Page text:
as an incoming 8th grader i really like the idea of each student getting an ipad. students in my grade are very good with technology and i think it would be a good alternative for bulky laptops that sometimes work and heavy textbooks. my only question is: do the online textbooks cost so much less then the normal ones that it is really worthwile?

    •   an incoming freshmen // May 2nd 2011 at 8:38 pm

      it is good to see the school department trying to implement technology into the edcucaton of our students, however they are taking the wrong approach to it. just because ipads are the newest device does not mean it could be the best for education. to start off the ipad2 has a ridiculous price of 800 dollars per device and if there are 200 freshmen thats 160,000 dollars spent as apposed to 200 netbooks for 300 dollars , which is only 60,000. the ipad 2 would cost double the price of the netbooks. and mind you 300 dollars was a price from one of the best netbooks on the market which has better specifications than the ipad.(better processing speed battery life ect.) and what probably would interfere with education the most is that the ipad can not by any means have third party software used on it. in other terms; programs that were made by companies other than Apple cannot used on the ipad. As apposed to a netbook running windows which can use any software. speaking of software the “Apps” that are on the ipad are just expensive ,simplefied and less robust versions of the programs that are on any windows computer. as a person with much knowledge in this feild i reccomend the ASUS Eee PC. this is a compact net book that i compared to the ipad2′s price.

      Ipad2 ASUS Eee PC
      cpu: dual core less than 1ghz cpu: dual core 1.5
      ghz
      graphics: graphics:Nvidia Ion2
      minimal intigrated Dedicated Graphics

      RAM: 512mb DDR RAM: 1GB DDR3
      ( half of 1 GB) (upgradable to
      2 GB)
      Camera: vga camera Camera: .3
      (no mega pixels) megapixels
      Battery life: 10 hours Battery life: 13 hours

      this table shows that the ASUS Eee PC is the technological, financial and education superior to the Ipad2

    •   Leah Hamilton (2013) // May 3rd 2011 at 9:30 pm

      2. Comparative devices
      The iPad is definitely a superior device to the Xoom or other droid tablets. It’s been on the market for much longer, and apple devices tend to be more user-friendly, easier to troubleshoot, and overall better devices. That does not mean that we have to buy it. A laptop, such as the Apple macbook or Dell Inspiron, would be a better use of money because they can run better, more powerful programs that have already been perfected and have more memory per dollar.

      4. Apps
      There are apps being introduced every day for the iPad. However, many of them are still imperfect. There are so many more programs and websites that can be accessed on a laptop. For example, word processing on an iPad is very inefficient because the touchscreen keyboard is hard to type fast on. Therefore, it’s rendered basically useless for writing, english and some history classes. A laptop already has a physical keyboard and has good word processing programs such as Microsoft Word at a low cost.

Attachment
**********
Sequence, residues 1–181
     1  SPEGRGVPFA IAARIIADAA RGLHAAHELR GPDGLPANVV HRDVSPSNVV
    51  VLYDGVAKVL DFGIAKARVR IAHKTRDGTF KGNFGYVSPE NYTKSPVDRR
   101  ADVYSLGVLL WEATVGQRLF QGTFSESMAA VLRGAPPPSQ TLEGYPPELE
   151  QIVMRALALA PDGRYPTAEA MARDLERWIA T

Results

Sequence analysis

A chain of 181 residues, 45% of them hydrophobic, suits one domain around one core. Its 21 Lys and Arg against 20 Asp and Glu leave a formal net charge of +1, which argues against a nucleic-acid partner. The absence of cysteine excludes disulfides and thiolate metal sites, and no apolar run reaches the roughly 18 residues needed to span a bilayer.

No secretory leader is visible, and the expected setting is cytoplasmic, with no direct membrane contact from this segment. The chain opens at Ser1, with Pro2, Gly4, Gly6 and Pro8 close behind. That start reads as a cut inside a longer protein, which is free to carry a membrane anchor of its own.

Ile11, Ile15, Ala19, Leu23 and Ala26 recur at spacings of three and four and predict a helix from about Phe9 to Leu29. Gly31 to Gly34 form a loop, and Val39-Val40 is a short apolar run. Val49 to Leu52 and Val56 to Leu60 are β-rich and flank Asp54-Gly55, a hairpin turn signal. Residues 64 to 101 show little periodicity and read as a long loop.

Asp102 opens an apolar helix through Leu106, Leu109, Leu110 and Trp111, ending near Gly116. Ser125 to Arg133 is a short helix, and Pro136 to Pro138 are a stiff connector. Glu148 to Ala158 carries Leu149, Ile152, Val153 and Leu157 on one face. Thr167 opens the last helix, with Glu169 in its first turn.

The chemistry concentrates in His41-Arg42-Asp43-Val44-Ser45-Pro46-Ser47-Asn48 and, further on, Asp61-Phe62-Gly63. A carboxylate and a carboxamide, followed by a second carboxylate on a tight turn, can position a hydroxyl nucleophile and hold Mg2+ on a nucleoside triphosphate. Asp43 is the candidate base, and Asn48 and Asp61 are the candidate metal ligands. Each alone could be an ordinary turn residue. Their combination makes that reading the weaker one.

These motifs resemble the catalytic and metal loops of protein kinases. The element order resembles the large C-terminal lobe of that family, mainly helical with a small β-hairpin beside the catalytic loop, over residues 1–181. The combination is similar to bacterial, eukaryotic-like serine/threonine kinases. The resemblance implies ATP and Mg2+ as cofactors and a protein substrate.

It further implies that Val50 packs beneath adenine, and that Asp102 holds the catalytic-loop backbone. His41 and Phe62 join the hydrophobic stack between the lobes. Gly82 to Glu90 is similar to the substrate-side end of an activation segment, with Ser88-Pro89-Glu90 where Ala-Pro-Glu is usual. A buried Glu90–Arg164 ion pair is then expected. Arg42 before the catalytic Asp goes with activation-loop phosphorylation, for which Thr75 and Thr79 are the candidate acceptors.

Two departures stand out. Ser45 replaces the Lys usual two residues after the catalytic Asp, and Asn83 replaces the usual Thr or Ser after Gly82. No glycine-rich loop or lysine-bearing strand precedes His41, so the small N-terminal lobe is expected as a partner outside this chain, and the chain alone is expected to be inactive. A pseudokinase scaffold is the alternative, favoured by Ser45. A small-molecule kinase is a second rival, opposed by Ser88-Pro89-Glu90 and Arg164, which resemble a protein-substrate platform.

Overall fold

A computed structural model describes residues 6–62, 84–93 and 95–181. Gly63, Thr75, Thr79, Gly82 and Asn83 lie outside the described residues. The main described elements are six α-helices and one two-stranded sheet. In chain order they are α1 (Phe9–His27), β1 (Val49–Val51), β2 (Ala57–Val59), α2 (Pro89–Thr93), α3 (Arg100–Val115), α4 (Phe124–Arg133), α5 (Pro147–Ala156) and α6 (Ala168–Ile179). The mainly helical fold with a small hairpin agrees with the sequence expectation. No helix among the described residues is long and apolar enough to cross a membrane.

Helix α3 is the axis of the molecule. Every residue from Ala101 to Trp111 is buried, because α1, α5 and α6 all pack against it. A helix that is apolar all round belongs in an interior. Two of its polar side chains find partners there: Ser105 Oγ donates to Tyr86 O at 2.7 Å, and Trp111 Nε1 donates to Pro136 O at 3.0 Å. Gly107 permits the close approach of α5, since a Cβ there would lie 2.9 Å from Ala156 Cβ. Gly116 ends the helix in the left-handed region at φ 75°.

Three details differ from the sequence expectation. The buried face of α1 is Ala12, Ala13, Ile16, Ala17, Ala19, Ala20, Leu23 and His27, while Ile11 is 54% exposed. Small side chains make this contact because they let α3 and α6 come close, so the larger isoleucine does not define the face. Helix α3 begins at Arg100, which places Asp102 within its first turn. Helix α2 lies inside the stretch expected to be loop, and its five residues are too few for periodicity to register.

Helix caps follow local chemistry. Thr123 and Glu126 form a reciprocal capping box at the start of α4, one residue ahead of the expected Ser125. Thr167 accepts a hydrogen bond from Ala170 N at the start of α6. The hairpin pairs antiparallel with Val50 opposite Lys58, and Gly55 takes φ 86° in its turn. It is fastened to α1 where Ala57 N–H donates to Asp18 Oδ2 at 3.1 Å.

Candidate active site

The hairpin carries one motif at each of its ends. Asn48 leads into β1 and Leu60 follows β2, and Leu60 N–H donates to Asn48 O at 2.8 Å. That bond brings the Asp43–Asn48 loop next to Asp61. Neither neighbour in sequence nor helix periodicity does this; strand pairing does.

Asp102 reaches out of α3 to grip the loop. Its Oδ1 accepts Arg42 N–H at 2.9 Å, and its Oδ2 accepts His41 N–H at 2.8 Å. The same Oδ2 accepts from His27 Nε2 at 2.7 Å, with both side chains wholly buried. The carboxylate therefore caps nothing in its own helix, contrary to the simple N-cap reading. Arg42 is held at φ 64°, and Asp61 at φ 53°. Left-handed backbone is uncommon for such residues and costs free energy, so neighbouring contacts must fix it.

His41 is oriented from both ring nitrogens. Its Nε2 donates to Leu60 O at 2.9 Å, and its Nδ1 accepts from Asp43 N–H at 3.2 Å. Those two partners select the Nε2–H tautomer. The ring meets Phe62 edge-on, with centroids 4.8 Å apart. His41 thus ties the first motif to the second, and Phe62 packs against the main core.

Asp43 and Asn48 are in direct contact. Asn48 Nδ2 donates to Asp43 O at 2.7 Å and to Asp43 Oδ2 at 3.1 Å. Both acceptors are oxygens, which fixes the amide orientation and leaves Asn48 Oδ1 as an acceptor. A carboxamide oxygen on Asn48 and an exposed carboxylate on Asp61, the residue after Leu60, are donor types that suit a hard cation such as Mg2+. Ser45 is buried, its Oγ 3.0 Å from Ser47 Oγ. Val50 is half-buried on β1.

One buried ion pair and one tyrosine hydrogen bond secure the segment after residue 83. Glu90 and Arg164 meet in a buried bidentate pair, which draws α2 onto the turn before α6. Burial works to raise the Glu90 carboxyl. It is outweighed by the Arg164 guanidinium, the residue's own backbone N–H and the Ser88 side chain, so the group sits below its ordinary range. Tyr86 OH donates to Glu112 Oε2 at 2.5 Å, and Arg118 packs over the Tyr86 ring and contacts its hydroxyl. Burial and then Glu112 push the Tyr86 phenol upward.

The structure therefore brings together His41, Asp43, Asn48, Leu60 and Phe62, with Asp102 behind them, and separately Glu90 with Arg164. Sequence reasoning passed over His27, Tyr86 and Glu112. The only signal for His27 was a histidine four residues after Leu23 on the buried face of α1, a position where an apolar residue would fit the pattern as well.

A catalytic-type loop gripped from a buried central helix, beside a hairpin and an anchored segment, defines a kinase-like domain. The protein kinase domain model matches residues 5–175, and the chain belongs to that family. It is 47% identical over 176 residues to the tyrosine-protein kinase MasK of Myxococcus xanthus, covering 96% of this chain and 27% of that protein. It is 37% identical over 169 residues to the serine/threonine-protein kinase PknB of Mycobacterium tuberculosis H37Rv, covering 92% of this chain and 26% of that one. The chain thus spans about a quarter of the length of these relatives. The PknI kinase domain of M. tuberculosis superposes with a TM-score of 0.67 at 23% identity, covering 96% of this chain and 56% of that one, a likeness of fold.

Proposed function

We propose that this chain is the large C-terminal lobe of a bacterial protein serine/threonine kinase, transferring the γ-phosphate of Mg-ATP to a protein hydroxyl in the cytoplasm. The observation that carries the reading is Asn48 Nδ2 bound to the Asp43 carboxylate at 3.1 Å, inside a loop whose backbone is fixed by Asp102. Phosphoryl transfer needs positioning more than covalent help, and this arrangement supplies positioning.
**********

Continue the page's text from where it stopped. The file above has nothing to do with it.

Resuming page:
Also, kids can download social networking apps such as the Facebook app to use Facebook during the school day, even though the wifi prohibits any user from accessing the actual site.

      6. An iPad will shatter if you drop it.

      7. The credit card-less app store purchases have to be made with a PayPal account.

      8. Access to FirstClass and Aspen is already limited on home computers, as found by most students. The iPad browser, Safari, is much less powerful than Mozilla Firefox or Safari on a computer. This will make it even harder to access our FirstClass and Aspen accounts, and the last thing we need is even more troubles with these programs.

      2. Paperless Environment
      It’s impossible to get rid of paper completely. You can’t do math problems on a screen. Paper is still necessary for a school to function.

      6. Music Midi Lab
      Having taken Music Technology, the computers in the lab are essential for the class. An iPad cannot run the programs that the computers can, such as Finale and Cakewalk. The class went perfectly well without the use of a watered-down GarageBand or other weak iPad apps.

      7. The labs would still be used because this idea won’t work the way its expected to.

      I suggest that all students are expected to bring in their own laptops to use in class. There should be an application process for students who can’t afford a laptop so they can borrow one from the school system for the year. Both macs and PC’s will work for school, unless very specific programs are needed for certain classes in which case the student can talk to their teacher.

      It appalls me that our school system is willing to needlessly waste tens of thousands of dollars when we can’t even buy smartboards for the special education classrooms or fix our own clocks. It is downright disrespectful to the students, the faculty and the taxpayers.

    •   A Wise Senior // May 5th 2011 at 8:55 am